SALT LAKE CITY — Things are about to change in the Mountain West Conference — and not for the better.
The conference could be moving to a 20-game conference schedule, cutting two more games from its non-league options, the San Diego Union-Tribune first reported.
The decision will not be effective immediately, or even next year, but will go into effect ahead of the 2022-23 season — after the final years of the Mountain West-Atlantic 10 Challenge have wrapped up. The move suggests that the MWC-A10 challenge will not be renewed.
Utah State University is scheduled to play Dec. 1 at Davidson in the inaugural season of the challenge.
The legislation still requires approval from the league’s 11 university presidents, who are expected to vote on it in about a month, according to the Union-Tribune. But with a vote of the league’s athletic directors approving the decision, that may be a formality.
Utah State athletics did not immediately comment on the proposal. The Mountain West does not comment on pending legislation on principle.
Under the new plan, every team in the league would play every other team in a home-and-away annual series. The Mountain West has played an 18-game conference schedule since its last expansion ahead of the 2013-14 season. That’s why the Aggies played two conference games in early December before finishing out nonconference play with five contests, including in-state rival BYU in the now-defunct Beehive Classic and Florida in the neutral-site Orange Bowl Basketball Classic.
Teams skipped two games every year, a selection reportedly made by random computer generation when the conference puts together each team’s schedule. The Aggies did not play a home game against New Mexico, and then skipped a road trip to Nevada in 2019-20, meaning they did not play teams ranked No. 89 and 183, respectively, in the NCAA’s final NET ratings (conducted without the NCAA Tournament, as a result of the novel coronavirus).
While impossible to know which games would’ve been dropped in favor of a 20-game conference season, the games against the Cougars and Gators represented matchups with the No. 9 and 29-rated teams, respectively, for the Aggies. At least one of those games may not have materialized if Utah State had been forced to play a 20-game conference schedule.
Of course, Utah State also had home games against Denver, North Carolina A&T, UTSA and NAIA Saint Katherine as part of its nonconference schedule in 2019-20, which finished 26-8 overall with a 12-6 record in conference play. In a perfect world, one of those teams could be eliminated from the schedule to fit in more conference games.
But perfect worlds don’t exist, and those games exist for a reason: to supplement a season when the likes of BYU, Florida or LSU (all neutral-site opponents) won’t play in Logan.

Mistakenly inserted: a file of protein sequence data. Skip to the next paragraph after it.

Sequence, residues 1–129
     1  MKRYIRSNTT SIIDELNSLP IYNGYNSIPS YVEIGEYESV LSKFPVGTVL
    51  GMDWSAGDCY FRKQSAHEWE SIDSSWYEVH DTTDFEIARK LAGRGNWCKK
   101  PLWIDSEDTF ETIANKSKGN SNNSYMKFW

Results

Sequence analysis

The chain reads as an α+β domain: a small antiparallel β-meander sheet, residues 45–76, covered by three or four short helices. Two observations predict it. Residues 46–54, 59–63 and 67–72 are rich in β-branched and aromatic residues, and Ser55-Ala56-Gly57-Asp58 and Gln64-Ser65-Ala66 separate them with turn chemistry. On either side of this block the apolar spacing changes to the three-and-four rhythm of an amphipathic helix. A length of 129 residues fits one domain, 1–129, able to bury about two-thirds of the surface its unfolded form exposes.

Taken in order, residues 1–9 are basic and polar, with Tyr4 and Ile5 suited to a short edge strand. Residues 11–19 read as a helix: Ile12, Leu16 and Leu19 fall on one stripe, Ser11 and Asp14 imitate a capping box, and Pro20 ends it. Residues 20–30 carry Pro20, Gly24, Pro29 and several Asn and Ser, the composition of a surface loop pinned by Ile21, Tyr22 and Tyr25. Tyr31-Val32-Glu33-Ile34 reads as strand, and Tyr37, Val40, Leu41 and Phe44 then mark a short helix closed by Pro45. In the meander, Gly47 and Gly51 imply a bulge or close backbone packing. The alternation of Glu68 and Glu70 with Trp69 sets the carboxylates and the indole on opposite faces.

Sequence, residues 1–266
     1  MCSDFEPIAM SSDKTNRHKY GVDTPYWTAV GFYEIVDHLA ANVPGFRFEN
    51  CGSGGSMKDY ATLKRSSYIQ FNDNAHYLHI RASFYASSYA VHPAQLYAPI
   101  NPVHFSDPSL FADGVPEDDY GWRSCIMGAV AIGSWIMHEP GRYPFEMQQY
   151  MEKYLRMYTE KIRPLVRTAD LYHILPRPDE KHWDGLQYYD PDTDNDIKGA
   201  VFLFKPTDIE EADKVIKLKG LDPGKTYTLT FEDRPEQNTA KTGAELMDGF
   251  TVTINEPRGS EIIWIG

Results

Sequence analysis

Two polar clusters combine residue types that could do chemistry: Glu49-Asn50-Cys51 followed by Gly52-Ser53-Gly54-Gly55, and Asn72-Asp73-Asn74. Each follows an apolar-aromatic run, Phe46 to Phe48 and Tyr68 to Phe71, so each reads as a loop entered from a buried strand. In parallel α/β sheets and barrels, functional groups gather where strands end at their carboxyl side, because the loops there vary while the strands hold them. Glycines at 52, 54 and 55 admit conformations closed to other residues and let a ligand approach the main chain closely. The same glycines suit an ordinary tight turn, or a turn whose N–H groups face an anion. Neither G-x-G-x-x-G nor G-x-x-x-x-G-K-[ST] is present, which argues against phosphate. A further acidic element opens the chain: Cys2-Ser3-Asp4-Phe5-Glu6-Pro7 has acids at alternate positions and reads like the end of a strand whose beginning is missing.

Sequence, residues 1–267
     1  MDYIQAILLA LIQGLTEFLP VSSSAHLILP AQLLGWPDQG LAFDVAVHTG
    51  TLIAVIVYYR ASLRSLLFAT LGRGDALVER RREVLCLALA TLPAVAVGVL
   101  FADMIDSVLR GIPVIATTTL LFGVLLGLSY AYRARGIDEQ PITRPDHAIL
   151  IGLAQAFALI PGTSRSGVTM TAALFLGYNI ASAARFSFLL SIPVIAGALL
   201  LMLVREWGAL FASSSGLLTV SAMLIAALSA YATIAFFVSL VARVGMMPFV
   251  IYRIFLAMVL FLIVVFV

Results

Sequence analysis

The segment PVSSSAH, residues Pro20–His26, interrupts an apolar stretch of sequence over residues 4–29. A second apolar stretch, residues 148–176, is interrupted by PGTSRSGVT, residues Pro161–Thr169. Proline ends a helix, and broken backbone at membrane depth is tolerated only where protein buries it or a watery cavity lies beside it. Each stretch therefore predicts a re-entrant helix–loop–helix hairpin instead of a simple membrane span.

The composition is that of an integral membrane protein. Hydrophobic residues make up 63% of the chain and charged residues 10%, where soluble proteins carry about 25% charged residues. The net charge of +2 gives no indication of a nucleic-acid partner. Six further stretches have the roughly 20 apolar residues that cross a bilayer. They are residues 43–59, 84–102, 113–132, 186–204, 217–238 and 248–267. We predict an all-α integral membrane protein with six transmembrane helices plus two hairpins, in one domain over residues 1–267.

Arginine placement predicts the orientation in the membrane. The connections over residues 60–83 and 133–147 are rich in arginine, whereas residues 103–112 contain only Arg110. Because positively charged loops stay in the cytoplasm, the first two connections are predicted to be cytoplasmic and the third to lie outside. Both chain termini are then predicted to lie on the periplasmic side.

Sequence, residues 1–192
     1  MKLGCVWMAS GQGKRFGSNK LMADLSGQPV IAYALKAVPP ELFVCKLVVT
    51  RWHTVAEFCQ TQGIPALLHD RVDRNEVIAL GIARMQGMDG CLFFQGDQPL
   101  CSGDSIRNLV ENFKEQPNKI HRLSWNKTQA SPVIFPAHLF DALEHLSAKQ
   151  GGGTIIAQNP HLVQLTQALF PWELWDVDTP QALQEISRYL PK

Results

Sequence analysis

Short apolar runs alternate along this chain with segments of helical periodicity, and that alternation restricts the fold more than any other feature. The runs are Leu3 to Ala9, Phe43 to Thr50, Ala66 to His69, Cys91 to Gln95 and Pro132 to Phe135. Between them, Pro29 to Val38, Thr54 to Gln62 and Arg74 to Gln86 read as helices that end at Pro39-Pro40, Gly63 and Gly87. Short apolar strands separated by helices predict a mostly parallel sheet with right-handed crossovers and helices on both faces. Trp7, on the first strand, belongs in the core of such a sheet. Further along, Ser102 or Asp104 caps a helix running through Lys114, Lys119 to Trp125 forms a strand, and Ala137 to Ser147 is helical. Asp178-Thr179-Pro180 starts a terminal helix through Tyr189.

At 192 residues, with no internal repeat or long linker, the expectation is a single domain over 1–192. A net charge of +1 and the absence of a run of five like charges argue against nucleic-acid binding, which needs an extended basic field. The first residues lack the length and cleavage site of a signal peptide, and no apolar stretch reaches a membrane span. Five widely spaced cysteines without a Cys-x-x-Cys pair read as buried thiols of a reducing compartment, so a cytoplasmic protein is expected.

Regardless, a 20-game conference schedule simply takes away more opportunities for teams to develop a quality nonconference resume in hopes of building a case for NCAA tournament inclusion. That’s why San Diego State has fought the idea since Steve Fisher was in charge.
The new plan also hurts BYU basketball’s future strength of schedule. Since leaving the Mountain West for the West Coast Conference in 2011, the Cougars have regularly maintained a strong tie to the league via its nonconference scheduling.
The Cougars already play top competition in-conference in Gonzaga and Saint Mary’s; scheduling the best of the Mountain West in San Diego State, Utah State and others is only in their best interest, as well.
Unlike in football, Mountain West schools are still want to regularly play BYU in hoops. This year, the Cougars faced five opponents from its former league, including San Diego State, a series that has been renewed for two more years; neutral-site games against Utah State and UNLV in Salt Lake City; as well as Boise State and Nevada.
The Cougars went 3-2 in those five games, with losses to San Diego State and Boise State. While BYU has faced the Aggies more than any team other than archrival Utah — on 236 occasions, for that matter — it’s hard to imagine five future series with Mountain West schools surviving on the Cougars’ schedule.
Similarly, Utah State’s near-annual Northern Utah rivalry game against Weber State could be among those left on the cutting room floor for the extra two games of conference play. The Aggies already ended a 13-game series across 12-straight seasons with Utah Valley in 2018. San Diego State has long been an opposer of such a plan, dating back to the days when BYU, Utah and TCU were all in the conference with the Aztecs.
According to the Union-Tribune, the vote of athletic directors was 7-4 in favor of the 20-game schedule. The newspaper reported that UNLV, Nevada and Air Force joined San Diego State in opposition, while at least one coach opposed the plan but could not convince his athletic director.
"We know that we need to build a great nonconference schedule, so having as much flexibility to go out and find those good home-and-homes, like Arizona State and BYU, or neutral sites, like Utah or Cal, are important," San Diego State athletic director John David Wicker told Fox Sports radio in San Diego. "We saw a couple of years ago; we went 16-2 in league, had a rough nonconference, and 16-2 didn’t get us into the NCAA Tournament.
"We really value our nonconference schedule and are disappointed that we will have less flexibility going forward."
If the legislation passes, a lot of schools will adjust. That’s the nature of college athletics.
But they shouldn’t have to.